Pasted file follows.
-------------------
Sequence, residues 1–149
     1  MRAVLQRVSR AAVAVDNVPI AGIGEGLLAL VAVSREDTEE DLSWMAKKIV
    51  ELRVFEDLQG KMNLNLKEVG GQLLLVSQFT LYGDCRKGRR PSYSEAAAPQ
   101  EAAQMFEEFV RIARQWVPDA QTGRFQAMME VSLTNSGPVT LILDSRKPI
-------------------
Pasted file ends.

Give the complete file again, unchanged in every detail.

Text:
Sequence, residues 1–149
     1  MRAVLQRVSR AAVAVDNVPI AGIGEGLLAL VAVSREDTEE DLSWMAKKIV
    51  ELRVFEDLQG KMNLNLKEVG GQLLLVSQFT LYGDCRKGRR PSYSEAAAPQ
   101  EAAQMFEEFV RIARQWVPDA QTGRFQAMME VSLTNSGPVT LILDSRKPI